No country for dissenters

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The message sent out by the government by the revocation of the Overseas Citizen of India (OCI) status of writer and journalist Aatish Taseer is that critics of Prime Minister Narendra Modi are not welcome in India. The reason given by the government for its action is unconvincing. Taseer is a British citizen by birth, his mother is Indian and he grew up in India but now resides in New York. His father was of Pakistani origin, and the government’s reason is that this fact, which makes him ineligible for the OCI status, was concealed in his application. His father also had British citizenship, and in any case, Taseer says his father and mother were not formally married. There may be technical or material arguments over this, but the point is that the government suddenly realised this though he was given the Person of Indian Origin (PIO) card in 2000 and the OCI status in 2016. Taseer’s parentage is a widely known fact, of which he has himself written publicly.

What happened since 2016 to make Taseer a persona non grata is that he wrote an article in Time magazine in May this year describing Modi as the ‘Divider-in-Chief’, and his politics as divisive. The article was discussed widely in India and abroad. Obviously, Taseer is being punished for his article, and it is an assault on free speech and expression. The government has in various ways tried to curb such freedoms, and this is an obvious and blatant case. The action has given rise to criticism within the country and outside. Over 250 well-known writers, journalists and activists, including Nobel Prize winners, have written to the prime minister seeking a review of the action. They have said that Taseer has been targeted for an extremely personal retaliation for his writing and that denial of entry to writers would cast a chill on public discourse and threaten India’s traditions of free and open debate and diversity of views. Writers’ bodies like PEN International have also criticised the government’s action.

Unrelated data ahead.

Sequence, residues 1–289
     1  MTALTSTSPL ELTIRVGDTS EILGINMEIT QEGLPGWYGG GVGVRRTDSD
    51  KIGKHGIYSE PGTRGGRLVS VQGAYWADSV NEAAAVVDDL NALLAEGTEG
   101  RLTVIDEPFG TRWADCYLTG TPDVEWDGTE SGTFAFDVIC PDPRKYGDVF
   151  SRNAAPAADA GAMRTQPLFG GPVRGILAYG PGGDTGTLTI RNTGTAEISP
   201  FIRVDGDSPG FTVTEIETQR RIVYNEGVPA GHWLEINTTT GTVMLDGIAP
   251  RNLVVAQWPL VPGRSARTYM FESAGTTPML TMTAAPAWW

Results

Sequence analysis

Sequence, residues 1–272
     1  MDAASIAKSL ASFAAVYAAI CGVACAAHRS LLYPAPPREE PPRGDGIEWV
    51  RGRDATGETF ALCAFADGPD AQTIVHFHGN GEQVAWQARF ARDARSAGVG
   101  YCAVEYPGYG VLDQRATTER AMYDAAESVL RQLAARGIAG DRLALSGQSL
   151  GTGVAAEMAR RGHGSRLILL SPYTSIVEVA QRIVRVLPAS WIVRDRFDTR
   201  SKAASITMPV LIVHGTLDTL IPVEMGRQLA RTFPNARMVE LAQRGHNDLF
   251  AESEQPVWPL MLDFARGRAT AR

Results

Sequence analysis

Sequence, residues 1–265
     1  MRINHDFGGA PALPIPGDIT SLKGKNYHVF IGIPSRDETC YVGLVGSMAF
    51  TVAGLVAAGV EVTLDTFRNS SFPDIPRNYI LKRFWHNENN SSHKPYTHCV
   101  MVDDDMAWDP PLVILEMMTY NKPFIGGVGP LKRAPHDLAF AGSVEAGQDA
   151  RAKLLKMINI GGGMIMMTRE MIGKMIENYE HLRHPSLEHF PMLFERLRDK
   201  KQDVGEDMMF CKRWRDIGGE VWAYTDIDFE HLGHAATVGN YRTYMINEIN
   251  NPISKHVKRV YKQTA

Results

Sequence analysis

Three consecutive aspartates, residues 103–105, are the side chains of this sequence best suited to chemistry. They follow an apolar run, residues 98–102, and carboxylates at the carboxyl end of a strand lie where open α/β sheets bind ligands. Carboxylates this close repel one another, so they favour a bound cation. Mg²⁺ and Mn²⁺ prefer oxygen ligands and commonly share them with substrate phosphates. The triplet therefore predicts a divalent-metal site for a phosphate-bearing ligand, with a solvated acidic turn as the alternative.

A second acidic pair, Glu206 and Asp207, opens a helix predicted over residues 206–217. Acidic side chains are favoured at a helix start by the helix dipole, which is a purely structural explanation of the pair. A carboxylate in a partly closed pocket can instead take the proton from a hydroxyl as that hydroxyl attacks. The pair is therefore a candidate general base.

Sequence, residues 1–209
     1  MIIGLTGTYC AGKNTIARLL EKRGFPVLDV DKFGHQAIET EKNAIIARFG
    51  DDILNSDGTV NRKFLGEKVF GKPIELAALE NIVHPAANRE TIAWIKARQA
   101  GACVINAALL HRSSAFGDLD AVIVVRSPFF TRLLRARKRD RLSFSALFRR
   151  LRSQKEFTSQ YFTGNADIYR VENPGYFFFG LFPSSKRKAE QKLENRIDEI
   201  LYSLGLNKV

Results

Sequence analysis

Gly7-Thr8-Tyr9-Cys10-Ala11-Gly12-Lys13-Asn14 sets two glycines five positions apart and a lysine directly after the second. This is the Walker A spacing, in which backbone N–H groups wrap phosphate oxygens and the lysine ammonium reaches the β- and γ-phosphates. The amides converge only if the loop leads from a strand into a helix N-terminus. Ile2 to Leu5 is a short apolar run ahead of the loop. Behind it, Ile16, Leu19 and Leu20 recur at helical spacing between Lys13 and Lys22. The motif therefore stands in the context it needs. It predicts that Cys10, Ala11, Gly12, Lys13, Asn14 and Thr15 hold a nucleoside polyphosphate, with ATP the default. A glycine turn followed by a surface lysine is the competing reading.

The episode has tarnished India’s image as a democratic and secular state which allows all views to be expressed and where there is no discrimination against any citizen on any basis. It comes after the government took strong-arm measures to suppress people’s freedoms in Kashmir, which are still continuing. But the issue is not just one of the international image, but of the continuance of our tolerant and democratic traditions. There is an environment of intolerance and suppression and punishment of dissent in the country. The action against Taseer has sent out another bad signal, the worse because it is from the government which is expected to and has the responsibility to protect freedoms. 

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